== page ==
Header
Fairport Convention - Jewel In The Crown CD (album) cover

JEWEL IN THE CROWN

Fairport Convention

 

Prog Related

3.77 | 12 ratings

From Progarchives.com, the ultimate progressive rock music website

Easy Livin
Special Collaborator
Honorary Collaborator / Retired Admin
4 stars Hot stuff

Although this album was recorded in 1995, it is one of Fairport's latest studio albums. The line up which recorded it had been together since 1985, and thus represents one of the most stable times in the band's career. The album title is take from both a favourite Indian takeaway of the band, and from the first track on the album. That first track, written by folk singer Julie Matthews, describes a no-holds-barred history of the British Empire. Simon Nicol's distinctive lead vocals, which dominate most of the tracks, suit the song well.

"Jewel in the crown" is one of a number of songs written by or in conjunction with respected folk musicians. Steve Tilston writes two of these; "Slip jig and reels" has no jigs or reels but is a tale of seeking a new life in America. "The naked highwayman" challenges Nicol's vocal dexterity to the full, being delivered in patter fashion to a repetitive tune. Maartin Allcock links up with the great Ralph McTell to write "The islands", a song about the Shetland Islands, the most northerly in Scotland. The song parallels the long ships which arrived there in the olden days with the oil tankers which now ply their trade there. The similarity between Simon Nicol's vocal and that of McTell is very apparent here (although Ralph does not perform on the track), the song being a delightful soft refrain.

Jez Lowe's "London Danny" is another gentle but wonderfully descriptive piece. "Travelling by steam" was originally written by Huw Williams for a TV programme. The latter part of the track moves into a melody called "Swaggering boney" which Ric Sanders subsequently discovered, after appending it to the song, was also known as "Travel by steam". Rob Beattie's "Red tide" is one of the darkest songs Fairport have done for a while, but unfortunately for me it is the least distinguished here. Clive Gregson's "Home is where the heart is" has one of best melodies on the album, Nicol once again making a great job of the vocals. He song is enhanced by some fine violin work by Sanders.

The instrumentals on the album are varied and well positioned. Maartin Allcock's "A surfeit of lampreys" is a gently melodic piece while "The youngest daughter" initially follows a similar style, but develops into an upbeat jig.

There are of course the expected selection of traditional songs and tunes which are given a Fairport arrangement. "Kind fortune" originates from Newfoundland, and tells the tale of a drummer from a regiment who conquers a pretty maid by threatening suicide should she reject his advances! "She's like the swallow", another song which originates from Newfoundland, has a passing resemblance to "She moved through the fair".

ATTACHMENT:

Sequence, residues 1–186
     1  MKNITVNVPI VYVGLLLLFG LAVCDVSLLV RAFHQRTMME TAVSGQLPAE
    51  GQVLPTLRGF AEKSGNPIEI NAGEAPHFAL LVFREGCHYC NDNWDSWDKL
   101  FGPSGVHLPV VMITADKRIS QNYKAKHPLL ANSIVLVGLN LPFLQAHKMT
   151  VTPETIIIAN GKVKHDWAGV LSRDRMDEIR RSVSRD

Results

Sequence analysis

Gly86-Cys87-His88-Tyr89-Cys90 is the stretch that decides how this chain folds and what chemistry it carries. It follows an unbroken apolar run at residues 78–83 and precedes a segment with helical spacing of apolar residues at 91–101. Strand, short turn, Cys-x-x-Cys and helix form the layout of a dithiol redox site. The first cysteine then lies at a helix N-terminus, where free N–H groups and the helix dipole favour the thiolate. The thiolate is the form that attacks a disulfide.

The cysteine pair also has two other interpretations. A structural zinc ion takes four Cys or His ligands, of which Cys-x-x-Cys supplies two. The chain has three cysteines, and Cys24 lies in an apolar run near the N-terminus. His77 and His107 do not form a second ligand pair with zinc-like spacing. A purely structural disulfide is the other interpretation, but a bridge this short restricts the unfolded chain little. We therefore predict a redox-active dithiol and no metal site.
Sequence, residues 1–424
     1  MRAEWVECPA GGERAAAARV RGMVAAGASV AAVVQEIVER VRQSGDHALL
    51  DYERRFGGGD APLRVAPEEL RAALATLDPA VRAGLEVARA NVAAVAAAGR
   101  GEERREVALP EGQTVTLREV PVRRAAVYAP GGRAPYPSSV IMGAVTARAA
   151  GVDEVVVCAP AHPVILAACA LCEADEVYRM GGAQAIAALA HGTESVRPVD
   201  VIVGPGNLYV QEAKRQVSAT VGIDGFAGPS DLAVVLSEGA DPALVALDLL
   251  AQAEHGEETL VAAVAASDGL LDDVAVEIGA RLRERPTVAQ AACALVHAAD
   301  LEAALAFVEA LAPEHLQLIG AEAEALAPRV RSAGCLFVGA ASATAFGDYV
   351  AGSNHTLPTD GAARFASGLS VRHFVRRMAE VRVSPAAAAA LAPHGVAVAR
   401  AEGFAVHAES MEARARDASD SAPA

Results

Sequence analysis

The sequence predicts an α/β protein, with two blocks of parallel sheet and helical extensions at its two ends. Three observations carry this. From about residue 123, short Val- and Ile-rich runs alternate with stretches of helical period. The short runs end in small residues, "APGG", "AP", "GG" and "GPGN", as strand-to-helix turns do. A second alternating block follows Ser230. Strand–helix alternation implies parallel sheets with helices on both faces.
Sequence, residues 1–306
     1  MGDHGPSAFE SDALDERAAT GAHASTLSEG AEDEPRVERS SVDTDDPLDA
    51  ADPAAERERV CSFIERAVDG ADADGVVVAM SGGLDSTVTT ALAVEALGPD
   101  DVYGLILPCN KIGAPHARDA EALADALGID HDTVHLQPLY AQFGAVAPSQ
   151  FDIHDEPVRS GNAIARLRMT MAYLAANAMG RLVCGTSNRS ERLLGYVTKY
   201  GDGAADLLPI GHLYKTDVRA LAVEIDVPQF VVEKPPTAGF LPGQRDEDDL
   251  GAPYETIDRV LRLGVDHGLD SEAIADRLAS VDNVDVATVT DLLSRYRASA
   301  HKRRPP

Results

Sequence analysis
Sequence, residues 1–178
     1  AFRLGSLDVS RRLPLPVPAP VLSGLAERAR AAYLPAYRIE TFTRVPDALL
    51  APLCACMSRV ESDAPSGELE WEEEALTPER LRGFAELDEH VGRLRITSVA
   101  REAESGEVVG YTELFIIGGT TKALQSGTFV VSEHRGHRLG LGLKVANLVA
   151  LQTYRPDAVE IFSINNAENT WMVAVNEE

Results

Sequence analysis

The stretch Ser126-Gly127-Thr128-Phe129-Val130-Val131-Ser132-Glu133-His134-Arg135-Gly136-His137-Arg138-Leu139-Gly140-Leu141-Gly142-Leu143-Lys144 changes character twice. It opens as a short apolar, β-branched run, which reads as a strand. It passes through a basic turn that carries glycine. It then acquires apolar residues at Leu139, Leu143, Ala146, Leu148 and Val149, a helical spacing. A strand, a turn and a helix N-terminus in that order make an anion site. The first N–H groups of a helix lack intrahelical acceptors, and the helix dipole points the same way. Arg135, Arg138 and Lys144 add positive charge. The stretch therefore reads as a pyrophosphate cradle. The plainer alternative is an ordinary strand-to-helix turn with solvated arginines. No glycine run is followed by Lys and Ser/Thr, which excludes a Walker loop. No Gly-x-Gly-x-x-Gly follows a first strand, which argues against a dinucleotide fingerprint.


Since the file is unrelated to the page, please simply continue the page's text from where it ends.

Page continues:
Maartin Allcock and Ric Sanders are the only band members to actually write new material for the album. Allcock's "Diamonds and gold" maintains the sedate pace which dominates the album, but affords Simon Nicol the opportunity to put in one of his finest vocal performances. The Ric Sanders composed "Summer in December" is a reflective instrumental variation on the old song "You are my sunshine" with fiddle taking the lead.

"Closing time" appropriately closes the album. This magnificent number first appeared on Leonard Cohen's "The future" album, and his rendition remains the definitive one. Here, Fairport have a bit of fun with the number (Leonard Cohen? Fun? Whatever next!) adding the voices of some pub locals and the landlady to the proceedings. Such a great song will always be a pleasure to hear, even if, as in this case, the vocals are somewhat suspect.

With 15 tracks in total, the album runs to over an hour. While there is no question of any the songs being prog, I do feel that overall the way the album has been put together has something of a prog feel. The tracks seem to run from one to the next in a highly satisfactory way, making the whole greater than the sum of the parts. In some ways, I guess that is what prog is all about.

In all, this is a superbly strong entry in the Fairport discography, with a fine diversity of well composed songs and some excellent arrangements. Recommended to those who have enjoyed the music of this great band.

Easy Livin | 4/5 |

MEMBERS LOGIN ZONE

As a registered member (register here if not), you can post rating/reviews (& edit later), comments reviews and submit new albums.

You are not logged, please complete authentication before continuing (use forum credentials).

Share this FAIRPORT CONVENTION review

>

Review related links

Copyright Prog Archives, All rights reserved. | Legal Notice | Privacy Policy | Advertise | GeoIP Services by MaxMind | RSS + syndications

Other sites in the MAC network: JazzMusicArchives.com — the ultimate jazz music virtual community | MetalMusicArchives.com — the ultimate metal music virtual community


Server processing time: 0.02 seconds